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I call it ‘elusive’ because no one seems to have settled the debate on its meaning — or at least, if they have, it’s not the meaning they are using in practice.

In this so-called ‘information war’ between ‘the West’ and Russia over the crisis in Ukraine, a simple, but dangerous definition seems to have developed: Propaganda is the dissemination of information that provides any legitimacy to the arguments of the enemy.

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Who spends more on ‘propaganda’? The debate rages on.

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We are in the midst of yet another round of “who spends more on propaganda?” between Western officials, the news organisations that (by and large) echo their views, and RT — Russia’s equivalent to the BBC World Service.

This has been an ongoing saga for months. Continue reading

Some of the strongest and sanest voices on Russia are American voices

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I am often, of late, accused of sounding “anti-America” on this blog.

It seems odd to people who know me that I could have spent a couple of years living in Washington, living and breathing Capitol Hill, and spent many years before that seemingly supporting American foreign policy — or at least not not supporting it.

But this isn’t about being “pro-Russia” or “anti-America”. This is about right and wrong — and while no one side has a monopoly on right — we have come to a point in time when it seems that, by and large, we have accepted that one side does hold that monopoly.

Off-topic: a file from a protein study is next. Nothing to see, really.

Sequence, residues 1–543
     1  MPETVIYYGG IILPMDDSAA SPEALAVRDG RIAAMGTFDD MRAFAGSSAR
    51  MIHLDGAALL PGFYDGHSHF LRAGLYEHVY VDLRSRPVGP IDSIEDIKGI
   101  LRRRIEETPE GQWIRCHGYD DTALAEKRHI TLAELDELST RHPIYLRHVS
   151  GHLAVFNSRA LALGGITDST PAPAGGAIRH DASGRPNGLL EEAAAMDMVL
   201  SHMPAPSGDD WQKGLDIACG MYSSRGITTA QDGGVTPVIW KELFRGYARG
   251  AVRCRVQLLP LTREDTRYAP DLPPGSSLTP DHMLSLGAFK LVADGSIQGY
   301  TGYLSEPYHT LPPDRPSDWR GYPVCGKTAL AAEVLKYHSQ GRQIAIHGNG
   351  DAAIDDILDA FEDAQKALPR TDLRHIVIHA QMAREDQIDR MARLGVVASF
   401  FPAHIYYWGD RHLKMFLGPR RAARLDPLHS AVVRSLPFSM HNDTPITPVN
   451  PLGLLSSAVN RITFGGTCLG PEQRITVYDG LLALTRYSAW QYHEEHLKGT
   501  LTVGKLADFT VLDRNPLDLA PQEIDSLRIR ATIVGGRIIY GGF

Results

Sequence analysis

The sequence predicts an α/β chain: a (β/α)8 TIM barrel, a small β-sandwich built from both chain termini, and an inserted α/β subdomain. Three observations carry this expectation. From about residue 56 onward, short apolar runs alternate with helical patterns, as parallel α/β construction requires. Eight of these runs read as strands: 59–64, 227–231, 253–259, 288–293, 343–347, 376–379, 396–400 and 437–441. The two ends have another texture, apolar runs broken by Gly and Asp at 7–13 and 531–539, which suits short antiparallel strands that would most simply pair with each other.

We have, for the most part, blindly followed one narrative and dismissed all dissenting voices as nonsense.

That acceptance of a black and white view has led us to a dangerous precipice in Europe.  Continue reading

PENTAGON REVELATION: Putin has Asperger’s and it explains everything

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Have you heard the latest? No, not the regurgitated paedophile claims. That’s so three days ago.

Today’s news is that Putin has Asperger’s.

How do we know this?

Because some Pentagon researchers watched some videos, looked at his face and decided he must have a neurological disorder.

You really, genuinely, could not make this stuff up. Continue reading

US diplomat in Moscow provides laughs with an epic Twitter fail

On Friday, Will Stevens, a spokesperson for the US embassy in Moscow, tried to be funny on Twitter. To say it didn’t end well, would be quite the understatement.

Some backstory before we get to the tweet:

Stevens posted a link to a segment of RT’s In The Now, in which Anissa Naouai breaks down a recent piece from The Economist, which claims in its opening line: “JUDGING by the lack of economic news in Russia’s media, a crisis has arrived”.

This claim, that there is little to no discussion about the Russian economy (in Russia) came as quite a surprise to, you guessed it, people who actually live in Russia.

According to The Economist, Russian journalists are dutifully covering it all up to protect their Dear Leader, Czar Putin.

There’s just one little problem. They’re not. Continue reading